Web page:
Bullycide: Always Gray

  • Posted: April 6, 2010 and this post was last modified April 3, 2011.

Growing up, my mother always hated the fact that everything had to be black or white for me; I could never accept that there was a gray area. After all, in my mind, black and white constitute gray; there just had to be some black and white in order to get to the area known as gray. Growing up, I still hope for the black and white, but have learned to almost accept that at times there is only gray.

It can be easy as an adult to prejudge a situation; we feel that as adults, we have lived long enough or have enough experience under our belts to be able to say what is and what is not. The truth of the matter is, some adults have never even begun to live. Some adults have not experienced half of what some kids or other adults have. Whether it be the sights and wonders of the world or the bad and ugly that life has to offer, some just miss out on some experience gaining moments.

You did not live my life. You have no place to judge my actions. You cannot say that I was too weak or didn’t fight hard enough. First of all, because you do not know just how much I did, but second of all, you did not live through it. If you have no basis for comparison, how can you tell me that I have not done enough? If your childhood was the American dream, what basis do you have to relate with me?

Now, I was not bullied in school as a kid. On the contrary, I had many friends and dipped in and out of many different social groups. I loved school. I had a grand time and often miss those days. But I was abused as a kid. My mom was the bully, not the school kids. So while I cannot relate to the feeling of going to school and being shunned in front of an entire student body, I can certainly relate to the feeling of not thinking life is worth it or going to get any better. I can relate to the hopelessness and the tunnel visioned thinking of not being able to make it to graduation. Graduation seems a lifetime away when you are in so much pain. A lifetime.

Yet the real lifetime only begins once graduation is over. When we get into the ‘real’ world alone, we see that our childhood was but a mere stepping stone; we see that it was not near as long as we would have liked it to have been (for those of us who enjoyed it) or not quite as long as we thought it would be (for those of us who had to overcome it). Even if we only lived to be a ripe old age of 50, we would not have spent half of our lives in childhood.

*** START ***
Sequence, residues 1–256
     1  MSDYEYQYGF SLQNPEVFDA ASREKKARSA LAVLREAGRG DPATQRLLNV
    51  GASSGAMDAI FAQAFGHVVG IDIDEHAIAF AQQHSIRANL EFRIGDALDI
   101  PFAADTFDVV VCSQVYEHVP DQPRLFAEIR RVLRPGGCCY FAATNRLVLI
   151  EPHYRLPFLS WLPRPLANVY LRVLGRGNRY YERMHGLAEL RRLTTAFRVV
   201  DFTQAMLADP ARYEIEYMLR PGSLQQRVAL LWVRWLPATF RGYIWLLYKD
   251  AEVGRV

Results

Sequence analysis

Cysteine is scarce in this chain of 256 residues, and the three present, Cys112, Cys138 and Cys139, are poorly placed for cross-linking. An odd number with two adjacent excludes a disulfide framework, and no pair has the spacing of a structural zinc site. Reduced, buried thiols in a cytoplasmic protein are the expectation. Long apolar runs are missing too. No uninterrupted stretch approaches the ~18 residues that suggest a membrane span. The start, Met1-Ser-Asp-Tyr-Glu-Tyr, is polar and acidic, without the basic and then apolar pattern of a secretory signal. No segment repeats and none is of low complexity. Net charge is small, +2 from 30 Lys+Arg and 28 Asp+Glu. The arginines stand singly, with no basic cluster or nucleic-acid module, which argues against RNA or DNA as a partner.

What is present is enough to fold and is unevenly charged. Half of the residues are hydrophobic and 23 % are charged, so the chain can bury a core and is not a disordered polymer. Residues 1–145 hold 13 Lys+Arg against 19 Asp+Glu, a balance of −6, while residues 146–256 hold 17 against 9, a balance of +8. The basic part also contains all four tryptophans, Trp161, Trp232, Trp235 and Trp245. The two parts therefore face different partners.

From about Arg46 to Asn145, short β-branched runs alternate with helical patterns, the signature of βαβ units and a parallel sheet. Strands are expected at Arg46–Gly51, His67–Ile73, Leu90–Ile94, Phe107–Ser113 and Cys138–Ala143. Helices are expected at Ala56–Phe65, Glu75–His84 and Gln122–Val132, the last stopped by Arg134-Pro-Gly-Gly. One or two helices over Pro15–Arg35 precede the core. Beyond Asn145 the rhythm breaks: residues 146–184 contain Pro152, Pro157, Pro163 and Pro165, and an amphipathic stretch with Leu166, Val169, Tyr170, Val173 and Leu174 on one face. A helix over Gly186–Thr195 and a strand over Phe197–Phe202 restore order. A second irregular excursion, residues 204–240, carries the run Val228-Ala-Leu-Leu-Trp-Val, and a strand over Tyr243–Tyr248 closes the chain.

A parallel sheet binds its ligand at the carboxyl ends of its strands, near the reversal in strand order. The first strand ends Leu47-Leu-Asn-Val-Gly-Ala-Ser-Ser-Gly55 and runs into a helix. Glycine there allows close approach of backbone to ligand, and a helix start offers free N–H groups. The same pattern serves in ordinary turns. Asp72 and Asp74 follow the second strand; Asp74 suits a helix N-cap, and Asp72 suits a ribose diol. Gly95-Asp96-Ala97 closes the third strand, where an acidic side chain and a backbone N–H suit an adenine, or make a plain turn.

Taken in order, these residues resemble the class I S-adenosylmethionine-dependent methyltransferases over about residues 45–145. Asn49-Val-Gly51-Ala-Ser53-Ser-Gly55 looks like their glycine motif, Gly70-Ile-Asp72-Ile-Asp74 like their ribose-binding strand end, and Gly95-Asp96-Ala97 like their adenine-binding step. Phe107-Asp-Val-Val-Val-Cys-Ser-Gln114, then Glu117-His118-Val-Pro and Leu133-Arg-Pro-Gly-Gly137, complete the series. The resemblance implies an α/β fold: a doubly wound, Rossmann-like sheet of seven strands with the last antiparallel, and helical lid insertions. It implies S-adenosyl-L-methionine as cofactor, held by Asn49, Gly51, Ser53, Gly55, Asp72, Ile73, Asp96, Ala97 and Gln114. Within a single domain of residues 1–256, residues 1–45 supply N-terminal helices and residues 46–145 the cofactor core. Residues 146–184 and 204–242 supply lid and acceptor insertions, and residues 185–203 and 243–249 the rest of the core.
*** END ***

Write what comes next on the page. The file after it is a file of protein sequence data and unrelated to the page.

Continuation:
But hindsight is always 20/20.

It is not always so clear cut in the moment. It is not always so black and white. Who knows why people think the way they do. Who knows why a beautiful woman thinks she is ugly or a talented artist thinks they have nothing to give the world and cuts their life short. There are people who think that there is nothing wrong with murder; their thwarted views are quite clear in their own minds, but it does not mean that it is right. Yet to them, they are certainly not wrong.

We’d like to say it is wrong to commit suicide. We’d like to say it is wrong to feel so helpless when it is just words or they are just kids or ‘sticks and stones’ never hurt anybody, but have you ever been hit in the head with a stone? It hurts pretty good in my opinion! It is wrong to commit suicide; it is wrong that the child or loved one feels so alone and trapped that they would want to end the one thing they cannot have back. We seem to think that ‘giving up’ is a bad thing because it implies laziness or the idea that one is just not trying hard enough, but sometimes those ideas are so far from the truth that they are almost a lie. Sometimes we give up because we have done all we [think we] can do.

So next time you see that someone has taken their life as a result of bullying, please don’t quick to jump to the conclusion that they were weak, giving up, or just plain irrational. You do not know their state of mind, but more importantly, you probably just plain can’t relate.

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